Below are a few common triggers and ways you can prevent outbreaks.


Many people have recorded a cold sore outbreak when under stress. A possible reason for this is that your immunity is compromised when you go through a stressful situation or fall ill. With your immunity down, it becomes easier for the virus to reactivate and harder for your body to fight it. Stressors could also include significant life changes like losing a loved one, a breakup, or a new role at your job. Not getting enough sleep can also lead to stress and weaken your immunity. To prevent an outbreak, you should try to identify stressful situations and manage them before they break you down. Try to take as many breaks as you may need, practice relaxation techniques, meditation, and get enough sleep.

Avoid excessive sunlight

Excessive exposure to sunlight could also trigger a cold sore outbreak in some people. If sunlight is a trigger for you, apply sunscreen to the area on your face where cold sores appear. You can also use lip balms containing sunblock when you want to leave your house.

Use antiretroviral medication

To avoid frequent recurrences of cold sores, a doctor can prescribe antiviral medications that you can use every day. These oral antiviral medications include Valacyclovir (Valtrex) Acyclovir (Zovirax) Famciclovir (Famvir) These medications work by reducing the herpes virus’s ability to replicate in your body, thereby lowering your viral load. This leads to fewer outbreaks, reduced symptoms, and shortened duration of outbreaks. These medications have been proven to reduce recurrent outbreaks by about one-third. Depending on the frequency or severity of your outbreaks, your doctor may prescribe a once-a-day or twice-a-day dose.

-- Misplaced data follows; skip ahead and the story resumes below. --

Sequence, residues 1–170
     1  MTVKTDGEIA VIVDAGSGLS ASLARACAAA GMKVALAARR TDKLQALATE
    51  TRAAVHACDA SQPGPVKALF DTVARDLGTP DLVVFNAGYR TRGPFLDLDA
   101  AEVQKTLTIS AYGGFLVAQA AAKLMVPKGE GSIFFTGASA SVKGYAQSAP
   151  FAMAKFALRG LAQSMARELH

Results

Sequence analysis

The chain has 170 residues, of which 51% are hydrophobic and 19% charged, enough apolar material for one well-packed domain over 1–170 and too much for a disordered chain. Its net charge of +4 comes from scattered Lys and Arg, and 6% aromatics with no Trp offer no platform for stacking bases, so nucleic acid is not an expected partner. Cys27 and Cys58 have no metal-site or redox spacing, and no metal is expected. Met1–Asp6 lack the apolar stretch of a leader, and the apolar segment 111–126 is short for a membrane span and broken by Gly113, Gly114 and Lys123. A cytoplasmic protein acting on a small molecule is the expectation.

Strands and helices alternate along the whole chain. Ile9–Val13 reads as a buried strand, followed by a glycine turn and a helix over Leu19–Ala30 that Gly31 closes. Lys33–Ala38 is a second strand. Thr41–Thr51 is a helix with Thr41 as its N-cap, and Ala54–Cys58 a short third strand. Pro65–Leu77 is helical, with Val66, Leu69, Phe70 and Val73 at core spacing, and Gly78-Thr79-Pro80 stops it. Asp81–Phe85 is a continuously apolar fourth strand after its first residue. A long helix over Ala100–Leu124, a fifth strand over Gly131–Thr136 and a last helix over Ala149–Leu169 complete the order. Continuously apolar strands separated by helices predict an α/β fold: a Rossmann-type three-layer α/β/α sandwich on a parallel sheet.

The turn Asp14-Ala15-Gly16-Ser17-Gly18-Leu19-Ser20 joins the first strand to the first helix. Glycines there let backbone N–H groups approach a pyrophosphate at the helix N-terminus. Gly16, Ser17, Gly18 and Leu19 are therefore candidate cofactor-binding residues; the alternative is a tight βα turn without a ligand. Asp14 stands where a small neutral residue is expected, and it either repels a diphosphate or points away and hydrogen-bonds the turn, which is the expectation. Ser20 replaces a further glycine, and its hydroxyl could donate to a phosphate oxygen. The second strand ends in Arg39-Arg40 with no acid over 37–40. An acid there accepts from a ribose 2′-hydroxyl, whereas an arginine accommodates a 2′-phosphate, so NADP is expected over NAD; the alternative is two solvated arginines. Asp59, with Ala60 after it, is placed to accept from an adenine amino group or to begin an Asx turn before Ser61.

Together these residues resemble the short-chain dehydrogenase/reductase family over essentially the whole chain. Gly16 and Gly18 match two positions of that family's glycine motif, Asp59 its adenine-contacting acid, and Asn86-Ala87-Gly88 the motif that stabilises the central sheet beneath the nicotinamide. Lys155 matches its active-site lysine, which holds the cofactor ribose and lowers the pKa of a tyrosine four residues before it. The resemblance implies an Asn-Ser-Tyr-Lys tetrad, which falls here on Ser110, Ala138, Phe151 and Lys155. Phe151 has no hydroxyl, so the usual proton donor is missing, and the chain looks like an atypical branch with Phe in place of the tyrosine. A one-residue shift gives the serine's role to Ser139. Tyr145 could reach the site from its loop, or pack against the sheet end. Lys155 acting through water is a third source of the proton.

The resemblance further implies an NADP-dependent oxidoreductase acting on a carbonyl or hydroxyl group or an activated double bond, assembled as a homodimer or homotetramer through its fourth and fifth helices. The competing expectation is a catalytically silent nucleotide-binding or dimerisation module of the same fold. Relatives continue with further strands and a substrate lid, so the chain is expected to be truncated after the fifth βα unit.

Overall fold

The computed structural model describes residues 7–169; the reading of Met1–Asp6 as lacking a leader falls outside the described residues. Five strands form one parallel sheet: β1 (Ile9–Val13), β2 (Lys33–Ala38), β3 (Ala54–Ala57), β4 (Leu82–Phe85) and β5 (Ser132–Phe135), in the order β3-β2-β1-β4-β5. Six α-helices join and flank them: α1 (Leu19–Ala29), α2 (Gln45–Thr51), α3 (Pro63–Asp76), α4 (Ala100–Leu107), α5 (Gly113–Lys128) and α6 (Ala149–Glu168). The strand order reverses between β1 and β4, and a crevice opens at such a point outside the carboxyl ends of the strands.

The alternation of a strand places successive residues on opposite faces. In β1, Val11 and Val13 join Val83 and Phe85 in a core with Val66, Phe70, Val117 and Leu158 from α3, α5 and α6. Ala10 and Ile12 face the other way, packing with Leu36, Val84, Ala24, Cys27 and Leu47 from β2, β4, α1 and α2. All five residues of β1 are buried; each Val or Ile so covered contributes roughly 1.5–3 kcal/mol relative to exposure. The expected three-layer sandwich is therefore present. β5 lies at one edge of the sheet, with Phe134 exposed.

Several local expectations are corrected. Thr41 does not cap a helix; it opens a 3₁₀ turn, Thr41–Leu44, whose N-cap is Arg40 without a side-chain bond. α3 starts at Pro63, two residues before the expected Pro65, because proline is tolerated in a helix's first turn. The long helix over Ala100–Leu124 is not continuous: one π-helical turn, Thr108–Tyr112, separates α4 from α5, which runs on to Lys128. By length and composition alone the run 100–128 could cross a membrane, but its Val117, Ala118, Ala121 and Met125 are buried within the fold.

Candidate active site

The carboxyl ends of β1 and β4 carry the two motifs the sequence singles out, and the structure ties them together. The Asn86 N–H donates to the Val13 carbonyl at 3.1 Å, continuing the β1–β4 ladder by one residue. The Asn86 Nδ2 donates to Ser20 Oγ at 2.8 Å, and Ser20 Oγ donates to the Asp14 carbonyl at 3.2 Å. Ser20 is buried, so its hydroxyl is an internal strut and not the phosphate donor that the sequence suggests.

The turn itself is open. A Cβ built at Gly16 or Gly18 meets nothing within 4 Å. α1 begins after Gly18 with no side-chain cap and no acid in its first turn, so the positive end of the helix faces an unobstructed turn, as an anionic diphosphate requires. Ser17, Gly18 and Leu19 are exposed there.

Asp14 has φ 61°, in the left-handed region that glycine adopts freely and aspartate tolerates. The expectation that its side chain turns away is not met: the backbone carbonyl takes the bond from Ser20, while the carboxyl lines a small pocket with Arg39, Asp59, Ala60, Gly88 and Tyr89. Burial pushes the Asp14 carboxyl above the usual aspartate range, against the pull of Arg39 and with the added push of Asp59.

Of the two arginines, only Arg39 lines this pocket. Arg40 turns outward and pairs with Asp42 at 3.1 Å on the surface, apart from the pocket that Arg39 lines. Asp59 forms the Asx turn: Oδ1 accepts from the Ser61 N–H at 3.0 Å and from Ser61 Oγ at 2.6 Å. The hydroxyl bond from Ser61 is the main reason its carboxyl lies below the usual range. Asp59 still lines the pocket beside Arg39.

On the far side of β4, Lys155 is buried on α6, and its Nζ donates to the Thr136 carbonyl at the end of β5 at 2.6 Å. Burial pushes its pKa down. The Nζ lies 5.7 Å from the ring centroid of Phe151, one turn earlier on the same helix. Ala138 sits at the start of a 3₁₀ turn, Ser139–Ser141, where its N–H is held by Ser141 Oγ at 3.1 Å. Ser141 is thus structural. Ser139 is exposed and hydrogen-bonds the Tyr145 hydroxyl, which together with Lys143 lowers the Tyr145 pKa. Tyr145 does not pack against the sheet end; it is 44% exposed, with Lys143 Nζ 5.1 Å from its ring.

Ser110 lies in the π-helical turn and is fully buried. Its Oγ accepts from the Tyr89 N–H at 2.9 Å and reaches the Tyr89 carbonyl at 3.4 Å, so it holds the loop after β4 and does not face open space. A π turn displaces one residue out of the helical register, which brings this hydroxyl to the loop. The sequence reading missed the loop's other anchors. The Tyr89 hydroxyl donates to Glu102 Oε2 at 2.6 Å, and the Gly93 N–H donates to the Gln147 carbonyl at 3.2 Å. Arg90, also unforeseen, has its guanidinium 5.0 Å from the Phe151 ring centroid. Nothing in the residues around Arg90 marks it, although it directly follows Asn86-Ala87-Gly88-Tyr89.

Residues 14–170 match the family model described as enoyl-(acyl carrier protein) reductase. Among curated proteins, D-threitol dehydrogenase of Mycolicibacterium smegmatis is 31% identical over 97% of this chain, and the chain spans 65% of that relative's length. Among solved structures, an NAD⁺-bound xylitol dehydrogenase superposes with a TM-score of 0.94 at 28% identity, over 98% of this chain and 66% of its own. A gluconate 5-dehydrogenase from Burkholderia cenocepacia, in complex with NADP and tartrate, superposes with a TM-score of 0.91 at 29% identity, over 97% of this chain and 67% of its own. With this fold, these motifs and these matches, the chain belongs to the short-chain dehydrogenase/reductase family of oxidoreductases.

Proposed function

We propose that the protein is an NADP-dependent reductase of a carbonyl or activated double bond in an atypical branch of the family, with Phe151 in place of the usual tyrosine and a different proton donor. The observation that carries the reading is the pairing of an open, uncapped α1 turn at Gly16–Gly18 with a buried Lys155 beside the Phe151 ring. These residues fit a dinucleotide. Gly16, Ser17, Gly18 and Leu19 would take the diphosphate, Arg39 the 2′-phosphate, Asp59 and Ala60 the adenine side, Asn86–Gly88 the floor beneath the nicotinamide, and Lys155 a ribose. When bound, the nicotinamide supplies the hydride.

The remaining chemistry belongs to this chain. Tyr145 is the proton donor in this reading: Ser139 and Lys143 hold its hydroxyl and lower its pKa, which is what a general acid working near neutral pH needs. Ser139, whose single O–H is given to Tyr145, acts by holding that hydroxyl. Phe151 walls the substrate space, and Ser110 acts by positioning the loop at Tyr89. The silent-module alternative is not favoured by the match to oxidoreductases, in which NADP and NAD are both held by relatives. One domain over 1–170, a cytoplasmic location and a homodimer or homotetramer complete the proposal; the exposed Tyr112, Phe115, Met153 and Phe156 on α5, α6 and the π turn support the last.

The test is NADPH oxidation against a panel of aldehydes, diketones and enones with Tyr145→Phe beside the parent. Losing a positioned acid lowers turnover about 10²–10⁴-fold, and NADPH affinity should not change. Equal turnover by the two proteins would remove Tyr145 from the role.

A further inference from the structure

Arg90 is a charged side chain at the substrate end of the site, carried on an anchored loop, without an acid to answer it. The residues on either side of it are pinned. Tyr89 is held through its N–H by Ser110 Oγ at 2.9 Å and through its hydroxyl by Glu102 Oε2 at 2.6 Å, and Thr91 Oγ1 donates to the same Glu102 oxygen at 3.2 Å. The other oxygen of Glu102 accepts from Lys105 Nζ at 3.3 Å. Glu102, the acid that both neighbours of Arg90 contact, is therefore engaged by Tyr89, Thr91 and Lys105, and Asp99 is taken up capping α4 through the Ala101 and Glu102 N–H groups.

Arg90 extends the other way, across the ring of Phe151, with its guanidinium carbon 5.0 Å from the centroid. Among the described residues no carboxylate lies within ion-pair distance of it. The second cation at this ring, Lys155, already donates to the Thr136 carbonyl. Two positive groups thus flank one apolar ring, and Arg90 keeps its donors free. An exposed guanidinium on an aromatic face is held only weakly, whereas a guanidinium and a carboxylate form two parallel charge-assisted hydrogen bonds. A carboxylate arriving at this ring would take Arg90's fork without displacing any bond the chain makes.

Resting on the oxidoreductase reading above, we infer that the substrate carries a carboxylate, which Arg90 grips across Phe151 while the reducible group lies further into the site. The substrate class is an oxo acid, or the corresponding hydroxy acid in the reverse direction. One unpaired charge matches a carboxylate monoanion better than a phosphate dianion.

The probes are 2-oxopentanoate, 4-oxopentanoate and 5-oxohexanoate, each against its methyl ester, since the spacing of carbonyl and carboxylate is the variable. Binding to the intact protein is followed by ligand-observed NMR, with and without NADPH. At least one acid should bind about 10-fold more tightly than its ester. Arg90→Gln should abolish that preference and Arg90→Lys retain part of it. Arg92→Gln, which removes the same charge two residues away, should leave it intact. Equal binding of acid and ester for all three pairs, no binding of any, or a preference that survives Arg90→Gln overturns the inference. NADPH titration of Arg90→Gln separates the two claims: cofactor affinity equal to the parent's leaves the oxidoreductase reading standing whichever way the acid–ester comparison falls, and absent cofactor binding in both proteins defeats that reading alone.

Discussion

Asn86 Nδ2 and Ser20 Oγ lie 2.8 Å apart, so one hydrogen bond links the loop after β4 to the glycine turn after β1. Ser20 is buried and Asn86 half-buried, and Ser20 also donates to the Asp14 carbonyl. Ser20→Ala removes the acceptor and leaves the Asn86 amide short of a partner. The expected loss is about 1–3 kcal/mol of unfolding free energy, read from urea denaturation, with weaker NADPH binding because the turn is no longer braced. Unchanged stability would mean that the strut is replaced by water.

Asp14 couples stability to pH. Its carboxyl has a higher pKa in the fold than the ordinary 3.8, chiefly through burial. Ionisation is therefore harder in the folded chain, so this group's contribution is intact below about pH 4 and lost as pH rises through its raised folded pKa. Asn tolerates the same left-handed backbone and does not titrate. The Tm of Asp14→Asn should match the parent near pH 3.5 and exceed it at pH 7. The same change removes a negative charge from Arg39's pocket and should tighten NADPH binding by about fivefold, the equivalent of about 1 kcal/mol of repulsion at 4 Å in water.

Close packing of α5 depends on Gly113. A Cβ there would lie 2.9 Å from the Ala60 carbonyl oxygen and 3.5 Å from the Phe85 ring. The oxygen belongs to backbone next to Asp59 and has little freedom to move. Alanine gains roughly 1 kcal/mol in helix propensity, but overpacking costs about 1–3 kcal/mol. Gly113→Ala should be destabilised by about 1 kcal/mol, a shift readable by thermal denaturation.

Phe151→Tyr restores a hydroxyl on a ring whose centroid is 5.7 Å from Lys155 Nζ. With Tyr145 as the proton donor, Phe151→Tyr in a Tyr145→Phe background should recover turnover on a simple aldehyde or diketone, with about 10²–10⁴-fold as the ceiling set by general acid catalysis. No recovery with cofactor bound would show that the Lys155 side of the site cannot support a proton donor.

These medications can also be prescribed as topical creams for people who do not like oral medication for treatment.


How to avoid spreading cold sores to others

If you have oral herpes, it is important that you try to prevent spreading it to others. The HSV-1 virus spreads through direct contact, and the chance of spread is higher when you have cold sores. To avoid spreading it to others:

  • Avoid kissing, oral sex, and other sexual activities when you have an outbreak.
  • Do not share items that may have touched your sores during an outbreak, like cutlery, toothbrushes, or lipstick.
  • Avoid contact between your sores and broken or open skin membranes.
  • Wash your hands regularly.


Cold sores are relatively common and are nothing to be ashamed of. With the right treatment, you can continue to enjoy your life without transmitting it to others. Do you need to talk to an online dermatologist about the right cold sore treatment for you? Book an appointment with a Canadian licensed physician on Winston.